"Three of my Tita Deng's siblings died in the past few years. One of them was a brother she dearly loved. He was her housemate, her companion. Her friend. She never really recovered, I think. She is turning 88 years old this year, and our talks are now full of her laments in life. How difficult it is to be old ... and weak. Her increasing inability to walk. How lonely she feels."
While the rest of the nation were visiting the dead, I decided to see the living. It has been a few months since the last time I took Tita Deng out. I was always too busy, too tired, too preoccupied with work, friends and boys. Next time na lang (I'd do it next time), I'd tell myself when I'd wake up the next day with a hangover after a night of partying.
And I found myself saying that every week. Next time na lang. There was always an excuse I used to assuage my guilt but I knew I should see her soon. So last weekend, I called her up and told her I would be picking her up for lunch the next day. A date with her always takes time. I'd have to go to Antipolo to fetch her, then we would go to wherever we were going to eat, then I'd have to bring her back, before I head home. All in all, it takes about eight hours.
I slept early the previous night so I'd wake up early. I had already researched some restaurants we could try and I was looking forward to spending time with her. Tita Deng and I always had fun. We would laugh and talk about many things, she always had a sense of humor that hasn't been dulled by old age.
I was shocked when I saw her. She came out in a wheelchair, looking very frail and thin. Apparently, her health has deteriorated dramatically. She can no longer walk because her knees hurt due to arthritis and she is now forced to use a wheelchair, something she had always dreaded.
The process of getting her inside the car was strenuous. I had to lift her and put her in the passenger seat. Then, I had to lift her wheelchair and put it in the trunk. By the time it was done, I was sweating heavily.
Once I got in, I hugged her. "Tita Deng, kamusta ka?" I said.
She started to speak but I couldn't understand her words. Later on, I learned she fell down and hurt herself badly in September, and that she may have had a mild stroke. Sometimes, her speech becomes slurred and she finds it difficult to be understood.
I looked at her and suddenly, she really seemed ... old. Matanda na talaga si Tita. I suppose I always had a feeling she would live forever, that she would always be around. I was getting sentimental and sad, but I hid it from her.
I knew what she would like is for us to have a normal day together and act like everything's the same. So I greeted her cheerfully and told her how beautiful she looked in her blue dress.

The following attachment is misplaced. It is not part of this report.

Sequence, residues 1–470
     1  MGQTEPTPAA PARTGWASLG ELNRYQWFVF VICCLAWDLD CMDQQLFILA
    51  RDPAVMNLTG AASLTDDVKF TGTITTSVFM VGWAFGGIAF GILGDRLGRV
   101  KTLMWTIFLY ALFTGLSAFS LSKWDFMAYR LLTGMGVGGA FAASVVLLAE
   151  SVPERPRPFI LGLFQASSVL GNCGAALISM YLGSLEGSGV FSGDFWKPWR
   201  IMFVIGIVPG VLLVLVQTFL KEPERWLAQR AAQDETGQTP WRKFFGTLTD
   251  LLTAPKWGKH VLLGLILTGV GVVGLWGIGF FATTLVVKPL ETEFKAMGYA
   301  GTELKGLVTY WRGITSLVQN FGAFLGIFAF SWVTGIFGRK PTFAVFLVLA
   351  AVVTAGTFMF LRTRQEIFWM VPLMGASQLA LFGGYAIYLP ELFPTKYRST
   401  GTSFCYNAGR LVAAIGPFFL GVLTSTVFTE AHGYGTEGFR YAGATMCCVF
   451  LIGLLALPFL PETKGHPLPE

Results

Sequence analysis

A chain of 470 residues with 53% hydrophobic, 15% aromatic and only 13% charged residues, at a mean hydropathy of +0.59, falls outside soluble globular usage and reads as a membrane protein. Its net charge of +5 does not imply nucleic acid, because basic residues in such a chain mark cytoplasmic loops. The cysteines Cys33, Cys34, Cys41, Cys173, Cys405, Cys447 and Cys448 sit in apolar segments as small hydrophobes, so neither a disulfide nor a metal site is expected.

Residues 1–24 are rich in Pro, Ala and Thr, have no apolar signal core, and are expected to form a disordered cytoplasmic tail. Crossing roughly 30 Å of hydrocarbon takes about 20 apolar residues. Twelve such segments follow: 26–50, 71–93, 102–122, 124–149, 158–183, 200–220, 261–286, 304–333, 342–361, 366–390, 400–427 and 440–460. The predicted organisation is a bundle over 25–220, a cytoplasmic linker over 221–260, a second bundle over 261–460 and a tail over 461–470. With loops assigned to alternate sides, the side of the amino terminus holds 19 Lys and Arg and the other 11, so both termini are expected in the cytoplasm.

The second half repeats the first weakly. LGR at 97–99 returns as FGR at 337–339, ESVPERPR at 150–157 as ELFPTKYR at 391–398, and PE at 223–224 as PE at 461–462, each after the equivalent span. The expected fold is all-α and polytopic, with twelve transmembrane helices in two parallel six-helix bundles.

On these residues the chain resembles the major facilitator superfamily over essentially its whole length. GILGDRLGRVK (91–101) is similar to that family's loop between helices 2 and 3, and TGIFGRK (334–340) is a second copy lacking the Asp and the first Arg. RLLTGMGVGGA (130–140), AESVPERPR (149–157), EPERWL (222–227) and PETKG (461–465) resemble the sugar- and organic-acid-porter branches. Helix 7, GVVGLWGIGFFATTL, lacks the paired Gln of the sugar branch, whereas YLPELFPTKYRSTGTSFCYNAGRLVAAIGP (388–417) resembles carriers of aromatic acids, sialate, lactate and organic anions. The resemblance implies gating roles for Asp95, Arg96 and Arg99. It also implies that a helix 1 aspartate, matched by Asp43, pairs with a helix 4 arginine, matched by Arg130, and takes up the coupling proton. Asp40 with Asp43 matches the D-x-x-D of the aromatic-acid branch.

We went to Eastwood and decided to have lunch at a Thai restaurant since Tita Deng loves spicy food.We had pad thai, tom yum goong, steamed rice, and squid with garlic. I noticed her hands were trembling and she would spill some food on her lap, so I arranged her napkin so her dress wouldn't get soiled. I regaled her with stories; my sister's pregnancy, my travels, plans for Christmas, updates about work.
"So Tita, anong balita sa iyo? (So Tita, what's new with you?)"
"Alam mo ba, natumba ako isang beses. Actually ilang beses. Mahina na talaga ang tuhod ko. Masakit dahil sa arthritis. (You know what, I fell down once. Actually, several times. My knees are really weak now. It hurts because of arthritis.)"
She winced and I could imagine how it must pain her. "Nabagsakan pa nga ako ng cabinet eh (A cabinet even fell down on me)," she said.
"Oh my God!!! Nakakaloka!!! (What the fuck!!!!)" The cabinet she was referring to was a big one that's around five feet ten inches tall. She said people found her with blood on her face due to a gash, but otherwise, she was unhurt.
"Nakakaloka! (The fuck!) Akalain mo, natumba ka na at nabagsakan ka ng ng cabinet pero ... buhay ka pa rin! (Imagine, you fell down and got trapped by a cabinet but look ... you're still alive!!" I said.
"Loco ka talaga! (You're such a smart ass!)" she said and we both laughed. I hugged her and smelled her shampoo on her hair.
"Aba .. naligo ka!" I said.
"Siempre, may date tayo eh," she replied, her eyes twinkling.
Afterwards, we transferred to another restaurant and ordered ube cake and a green mango-watermelon shake. Later on, I took her around the mall in her wheelchair because I know she likes seeing the shops and people watching. She doesn't go out anymore, and the only times she gets to see the outside world is when I take her out. I would tease her and push her wheelchair hard so we would be running across the hallway, and we'd be laughing afterwards.
"Para naman akong bata nito," she told me with a smile.
I remember something I read about how life comes full circle as we age. From a baby to an old man or woman. Once we rode strollers, later we'd be straddling wheelchairs. The wheel of fortune turns and sometimes we find ourselves right back where we started.
Time is running out. I don't know how much time is left for Tita Deng, and there's really nothing to be done about it. We all have to take our exit, at some point. She has had a long life, a good life and perhaps that is enough.